“…[the]GSA would be issuing a modification to your contract that would not only remove the PLA requirement but also establish a credit value for the removal of that requirement. Therefore, given that your initial bid proposal did not include Non-PLA pricing, I request that you provide Non-PLA pricing to the attached list of items that were awarded on 16 September 2010 under your PLA cost proposed.”
The delays associated with the PLA conflict directly with June 3, 2011, testimony given by GSA Deputy Administrator Susan Brita before the House Oversight and Government Reform Committee’s Technology, Information Policy, Intergovernmental Relations and Procurement Reform Subcommittee. At 40:50 of this hearing video, Brita claims the PLA only delayed the 1800 F Street project by 45 days. The truth is the PLA delayed the project by 107 days.
The YouTube ID of udoikIfM2xM?t=40m55s is invalid.
PLA Increased Costs
It is unclear how much the de facto PLA mandate increased costs for the GSA and taxpayers, but the bottom line is it did increase costs.
A July 25, 2011, a contract modification document uncovered through a FOIA request puts the amount the JV credited to the GSA due to the PLA at $1,631,600. The credit is acknowledged on usaspending.gov here, but it does not assign a monetary value.
However, this amount appears to factor in other non-PLA-related costs at issue between the JV and the GSA. In addition, the figure does not account for the amount of time lost and expense incurred by the JV negotiating a PLA with various labor groups prior to the GSA issuing a Full Notice to Proceed 107 days after the JV could have proceeded with construction had there not been a PLA requirement.
Finally, the figure fails to address the additional cost savings the GSA could have experienced had the RFP been bid without a discriminatory de facto PLA mandate policy.
Studies indicate PLA mandates on projects subject to prevailing wage laws like the 1800 F Street project increase costs between 12 percent and 18 percent. In fact, a Jan. 27, 2010, consultant’s report funded by the GSA recommended against a PLA on the 1800 F Street project, expressing concerns it would raise costs by 4.9 percent (see page 93 of the PDF):
“Based on the Rider Levett Bucknall analysis contained within this report and given the current poor economic climate in the US – for a well compiled PLA on 1800 F St, Washington DC, the GSA may be disadvantaged by a PLA and that a PLA is likely to not advance the federal Government’s interest in achieving economy and efficiency in federal procurement…”
The only entity that knows the cost of the PLA is the Whiting Turner Walsh JV and perhaps the GSA. The GSA’s Office of Inspector General should investigate the waste, fraud and abuse associated with the PLA and the GSA’s discriminatory pro-PLA policy.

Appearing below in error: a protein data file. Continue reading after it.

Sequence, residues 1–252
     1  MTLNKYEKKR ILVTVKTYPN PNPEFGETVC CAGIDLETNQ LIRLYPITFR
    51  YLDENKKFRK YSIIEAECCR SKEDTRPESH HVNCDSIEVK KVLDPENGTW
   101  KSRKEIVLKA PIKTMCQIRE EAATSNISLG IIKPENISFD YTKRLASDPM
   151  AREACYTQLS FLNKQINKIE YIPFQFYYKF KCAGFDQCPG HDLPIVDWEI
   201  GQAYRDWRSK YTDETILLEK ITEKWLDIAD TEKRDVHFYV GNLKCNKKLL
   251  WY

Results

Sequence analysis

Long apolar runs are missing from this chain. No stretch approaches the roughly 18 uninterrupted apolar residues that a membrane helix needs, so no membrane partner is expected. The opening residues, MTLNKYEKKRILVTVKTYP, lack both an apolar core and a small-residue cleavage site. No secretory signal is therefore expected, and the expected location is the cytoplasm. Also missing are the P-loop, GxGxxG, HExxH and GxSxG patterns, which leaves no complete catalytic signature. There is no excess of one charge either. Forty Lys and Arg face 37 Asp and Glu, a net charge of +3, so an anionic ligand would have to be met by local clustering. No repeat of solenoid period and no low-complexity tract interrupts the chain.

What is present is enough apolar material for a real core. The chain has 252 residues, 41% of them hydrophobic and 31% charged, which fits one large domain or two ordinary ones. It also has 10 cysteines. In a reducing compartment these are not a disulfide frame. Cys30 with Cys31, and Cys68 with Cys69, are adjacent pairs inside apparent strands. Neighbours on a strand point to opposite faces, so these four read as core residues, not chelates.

However, an investigation wouldn’t reveal the true amount of money wasted because it would fail to account for the cost-saving benefits of free and open competition without a PLA mandate or preference.
In short, the excessive delays and the act of the GSA requesting the JV to refund money associated with increased costs related to the PLA undermines the key claim in President Obama’s Feb. 6, 2009, pro-PLA Executive Order 13502 that a PLA increases economy and efficiency in federal contracting. A PLA is supposed to establish jobsite harmony and rules all unions and contractors must obey, yet the PLA proved to be more of a problem than a helpful tool. Phase 1 of the 1800 F Street building ended up being constructed without a PLA without any strikes, delays or any other problems.
GSA Continues Costly Policy of PLA Favoritism
As a fitting coda to this story, the GSA announced it has halted plans to construct Phase 2 of the 1800 F Street modernization due to a lack of funding.
The increased costs and delays associated with the 1800 F Street project PLA, in addition to $3.3 million worth of increased costs associated with a de facto PLA mandate on another GSA building in Washington, D.C, – the Lafayette Building – have not dampened the GSA’s enthusiasm for PLA preferences and PLA mandates.
While procuring this project, the GSA revised its pro-PLA policy April 30, 2010, and Sept. 24, 2010, to clarify some sticking points in its PLA pilot program, including forcing contractors to sign PLAs with all labor organizations (and not just one labor organization, as was a problem with the 1800 F Street project).
In addition, despite negative media attention, a congressional hearing and inquiry from House GOP members, the GSA has expanded its policy of PLA favoritism to all GSA projects exceeding $25 million. However, the impact of this change has been limited because the GSA’s budget for new construction has been slashed dramatically during the past few years due to fiscal concerns, a glut of federal properties and the scandal that rocked the agency in April 2012.
It’s time for the GSA to shelve its anti-competitive and costly pro-PLA policy once and for all, and restore economy and efficiency in federal contracting.